In Part 1 we introduced Stereo Optical’s Opt-Align, the brainchild of Dr. Jeff Krall who captured the interest of Dr. Paul Karpecki with the reminder that there is basis for eyestrain beyond the ocular surface. Only good can come from Optometry and frankly Ophthalmology, coming full cycle, back to our roots of addressing asthenopia at all levels of origin. Jeff Krall does a great job of reviewing this in a recent PowerPoint lecture he put together on the subject, a complement to the nice video that Stereo Optical has on its website:
In fact, you can get a nice series of videos here, including a useful monograph prepared by the Corcoran Consulting Group on “Reimbursement for Evaluation and Treatment of Binocularity Defects”. As Dr. Krall reviews in an interview, his interest in this subject was piqued by his father’s ability years ago to address visual performance problems by adding some base-in prism to lenses. This led him, together with an ophthalmologist, to develop a progressive addition lens manufactured by Kodak with a small amount of base-in prism incorporated and prescribed as “anti-fatigue lenses“, backed by a study at ICO.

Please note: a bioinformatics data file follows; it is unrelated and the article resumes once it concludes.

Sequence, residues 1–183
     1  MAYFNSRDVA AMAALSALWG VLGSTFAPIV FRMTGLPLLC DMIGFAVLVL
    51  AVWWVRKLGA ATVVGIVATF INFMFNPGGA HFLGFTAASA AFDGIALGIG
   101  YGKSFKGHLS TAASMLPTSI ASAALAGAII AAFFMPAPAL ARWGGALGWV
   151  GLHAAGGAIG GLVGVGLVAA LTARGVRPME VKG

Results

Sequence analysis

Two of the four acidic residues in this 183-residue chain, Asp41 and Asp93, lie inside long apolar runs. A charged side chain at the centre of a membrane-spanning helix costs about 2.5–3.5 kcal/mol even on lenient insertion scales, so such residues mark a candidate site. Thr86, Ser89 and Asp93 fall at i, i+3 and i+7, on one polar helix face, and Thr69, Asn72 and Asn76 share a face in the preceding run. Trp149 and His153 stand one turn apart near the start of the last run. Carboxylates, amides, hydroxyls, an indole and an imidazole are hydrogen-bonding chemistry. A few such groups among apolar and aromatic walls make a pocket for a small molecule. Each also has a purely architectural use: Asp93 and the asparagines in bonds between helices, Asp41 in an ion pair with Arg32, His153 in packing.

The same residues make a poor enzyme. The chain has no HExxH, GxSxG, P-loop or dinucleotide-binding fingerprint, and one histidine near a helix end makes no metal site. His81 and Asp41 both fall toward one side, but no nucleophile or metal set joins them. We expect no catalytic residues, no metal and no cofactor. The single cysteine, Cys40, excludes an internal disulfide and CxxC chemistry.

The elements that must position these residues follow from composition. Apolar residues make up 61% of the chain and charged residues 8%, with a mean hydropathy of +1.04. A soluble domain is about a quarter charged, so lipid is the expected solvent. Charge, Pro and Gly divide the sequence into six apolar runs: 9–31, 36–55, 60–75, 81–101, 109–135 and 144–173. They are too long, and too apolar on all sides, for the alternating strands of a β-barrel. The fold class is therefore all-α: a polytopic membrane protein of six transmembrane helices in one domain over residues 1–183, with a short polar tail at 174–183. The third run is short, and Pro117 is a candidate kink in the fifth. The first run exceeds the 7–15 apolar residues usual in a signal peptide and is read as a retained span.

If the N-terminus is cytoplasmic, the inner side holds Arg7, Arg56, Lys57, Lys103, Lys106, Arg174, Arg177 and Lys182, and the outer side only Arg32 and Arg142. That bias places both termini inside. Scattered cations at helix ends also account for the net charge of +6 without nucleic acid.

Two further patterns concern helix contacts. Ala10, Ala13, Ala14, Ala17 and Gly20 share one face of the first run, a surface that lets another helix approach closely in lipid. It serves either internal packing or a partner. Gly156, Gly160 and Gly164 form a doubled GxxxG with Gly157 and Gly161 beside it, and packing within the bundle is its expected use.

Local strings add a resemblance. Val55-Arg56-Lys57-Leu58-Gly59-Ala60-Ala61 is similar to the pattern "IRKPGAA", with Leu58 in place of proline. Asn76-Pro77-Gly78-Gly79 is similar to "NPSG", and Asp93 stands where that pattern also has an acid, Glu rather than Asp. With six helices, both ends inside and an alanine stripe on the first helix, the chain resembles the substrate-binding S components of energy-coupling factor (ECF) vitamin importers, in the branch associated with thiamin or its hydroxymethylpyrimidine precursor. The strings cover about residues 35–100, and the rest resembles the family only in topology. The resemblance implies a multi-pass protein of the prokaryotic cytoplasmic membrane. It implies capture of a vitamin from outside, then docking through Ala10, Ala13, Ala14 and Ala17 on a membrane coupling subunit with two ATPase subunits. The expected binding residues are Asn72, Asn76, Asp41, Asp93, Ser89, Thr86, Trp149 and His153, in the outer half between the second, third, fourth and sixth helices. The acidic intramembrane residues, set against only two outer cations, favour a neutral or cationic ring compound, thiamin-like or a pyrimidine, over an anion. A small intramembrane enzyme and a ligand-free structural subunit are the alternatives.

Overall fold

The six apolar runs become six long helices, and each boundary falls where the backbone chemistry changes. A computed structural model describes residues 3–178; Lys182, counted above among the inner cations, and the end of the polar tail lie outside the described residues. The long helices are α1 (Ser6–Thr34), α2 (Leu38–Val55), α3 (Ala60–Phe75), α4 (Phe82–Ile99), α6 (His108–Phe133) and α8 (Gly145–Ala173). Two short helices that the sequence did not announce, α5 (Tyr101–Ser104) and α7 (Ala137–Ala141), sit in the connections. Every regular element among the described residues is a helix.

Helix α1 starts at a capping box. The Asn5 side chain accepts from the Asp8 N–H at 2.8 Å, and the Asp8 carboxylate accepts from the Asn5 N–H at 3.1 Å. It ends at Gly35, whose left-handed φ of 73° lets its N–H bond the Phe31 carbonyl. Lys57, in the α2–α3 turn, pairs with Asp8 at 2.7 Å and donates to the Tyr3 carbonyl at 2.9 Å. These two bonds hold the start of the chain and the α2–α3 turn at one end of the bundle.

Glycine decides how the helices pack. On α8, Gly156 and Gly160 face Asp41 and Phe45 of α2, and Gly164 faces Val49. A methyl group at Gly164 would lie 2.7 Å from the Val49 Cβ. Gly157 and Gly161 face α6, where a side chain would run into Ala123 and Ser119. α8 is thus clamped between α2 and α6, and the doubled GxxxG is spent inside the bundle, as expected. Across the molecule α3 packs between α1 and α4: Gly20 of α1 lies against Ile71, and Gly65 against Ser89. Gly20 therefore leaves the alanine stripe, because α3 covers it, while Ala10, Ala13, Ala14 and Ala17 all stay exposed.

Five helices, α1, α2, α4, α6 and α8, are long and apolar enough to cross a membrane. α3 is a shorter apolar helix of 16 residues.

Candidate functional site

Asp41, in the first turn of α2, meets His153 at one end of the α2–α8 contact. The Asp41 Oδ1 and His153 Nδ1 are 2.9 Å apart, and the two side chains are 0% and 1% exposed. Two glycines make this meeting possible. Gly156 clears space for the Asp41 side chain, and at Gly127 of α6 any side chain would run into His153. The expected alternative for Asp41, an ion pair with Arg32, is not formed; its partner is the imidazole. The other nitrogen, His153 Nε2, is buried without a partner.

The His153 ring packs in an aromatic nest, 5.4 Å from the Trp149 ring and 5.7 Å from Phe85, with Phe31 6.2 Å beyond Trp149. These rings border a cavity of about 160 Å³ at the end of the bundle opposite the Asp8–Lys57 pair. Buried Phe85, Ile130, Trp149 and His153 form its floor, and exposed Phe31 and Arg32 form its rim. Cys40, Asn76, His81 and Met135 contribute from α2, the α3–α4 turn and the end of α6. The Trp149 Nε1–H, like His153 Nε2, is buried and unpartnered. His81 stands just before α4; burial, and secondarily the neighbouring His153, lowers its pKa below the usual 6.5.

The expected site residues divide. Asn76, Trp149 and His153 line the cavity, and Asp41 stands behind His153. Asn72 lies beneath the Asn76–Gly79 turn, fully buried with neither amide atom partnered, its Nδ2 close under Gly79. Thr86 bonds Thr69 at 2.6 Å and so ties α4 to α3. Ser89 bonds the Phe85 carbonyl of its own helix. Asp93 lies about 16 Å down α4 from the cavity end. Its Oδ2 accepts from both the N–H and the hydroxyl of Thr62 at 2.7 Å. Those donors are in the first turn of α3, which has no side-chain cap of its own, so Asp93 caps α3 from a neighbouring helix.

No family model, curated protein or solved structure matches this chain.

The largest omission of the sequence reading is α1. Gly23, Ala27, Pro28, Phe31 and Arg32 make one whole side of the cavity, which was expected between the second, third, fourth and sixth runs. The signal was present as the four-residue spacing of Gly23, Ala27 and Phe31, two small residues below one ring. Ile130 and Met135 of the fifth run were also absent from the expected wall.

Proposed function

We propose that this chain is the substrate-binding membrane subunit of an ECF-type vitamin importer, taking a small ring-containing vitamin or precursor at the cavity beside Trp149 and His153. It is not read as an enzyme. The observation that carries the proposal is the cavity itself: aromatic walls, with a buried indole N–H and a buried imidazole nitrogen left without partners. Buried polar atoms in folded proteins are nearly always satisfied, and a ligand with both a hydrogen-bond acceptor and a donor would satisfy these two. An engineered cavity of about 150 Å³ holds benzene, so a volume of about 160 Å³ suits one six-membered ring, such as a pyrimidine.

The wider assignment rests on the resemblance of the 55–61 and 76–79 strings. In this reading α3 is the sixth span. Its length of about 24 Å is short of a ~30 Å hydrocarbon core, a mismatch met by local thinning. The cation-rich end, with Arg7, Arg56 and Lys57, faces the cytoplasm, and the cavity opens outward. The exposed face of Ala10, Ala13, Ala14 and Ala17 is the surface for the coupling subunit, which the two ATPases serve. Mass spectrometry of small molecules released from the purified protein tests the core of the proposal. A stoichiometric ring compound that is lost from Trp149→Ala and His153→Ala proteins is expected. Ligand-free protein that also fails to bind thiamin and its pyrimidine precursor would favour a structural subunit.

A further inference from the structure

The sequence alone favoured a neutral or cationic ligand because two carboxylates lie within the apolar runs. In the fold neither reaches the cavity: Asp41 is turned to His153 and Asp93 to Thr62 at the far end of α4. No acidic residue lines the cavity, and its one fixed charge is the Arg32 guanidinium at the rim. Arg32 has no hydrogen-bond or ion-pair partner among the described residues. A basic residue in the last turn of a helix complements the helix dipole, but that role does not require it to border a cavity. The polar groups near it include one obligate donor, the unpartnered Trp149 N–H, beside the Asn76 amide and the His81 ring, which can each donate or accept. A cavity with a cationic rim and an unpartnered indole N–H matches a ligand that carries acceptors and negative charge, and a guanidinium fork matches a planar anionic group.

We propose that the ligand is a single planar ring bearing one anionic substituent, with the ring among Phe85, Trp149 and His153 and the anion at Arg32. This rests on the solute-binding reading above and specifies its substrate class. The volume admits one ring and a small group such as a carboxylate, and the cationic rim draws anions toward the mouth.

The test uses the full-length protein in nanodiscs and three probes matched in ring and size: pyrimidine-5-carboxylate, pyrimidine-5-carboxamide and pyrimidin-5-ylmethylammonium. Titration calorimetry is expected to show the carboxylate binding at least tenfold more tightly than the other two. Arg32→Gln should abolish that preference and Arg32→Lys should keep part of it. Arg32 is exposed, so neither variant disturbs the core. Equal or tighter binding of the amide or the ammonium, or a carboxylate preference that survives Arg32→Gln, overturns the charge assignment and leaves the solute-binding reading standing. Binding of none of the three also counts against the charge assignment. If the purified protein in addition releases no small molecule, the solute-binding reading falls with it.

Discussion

Well if all this sounds a bit familiar to you, it may be because a colleague of ours, Dr. Merrill Bowan, has been talking about this for the past 15 years in the form of muPs, or small amounts of base-in prism with or without plus lens power. Dr. Bowan’s concept has been for the power to act throughout the lens, rather than confined to a region. Nor would behavioral optometrists agree that a progressive lens would be the best solution as a performance lens for all individuals. The point here is that Drs. Krall and Karpecki are helping to turn the wheel at a pivotal time in the evolution and maturation of our profession. I’ll have more to say about this crucial borderland between disease and functional vision in part 3.
– Leonard J. Press, O.D., FCOVD, FAAO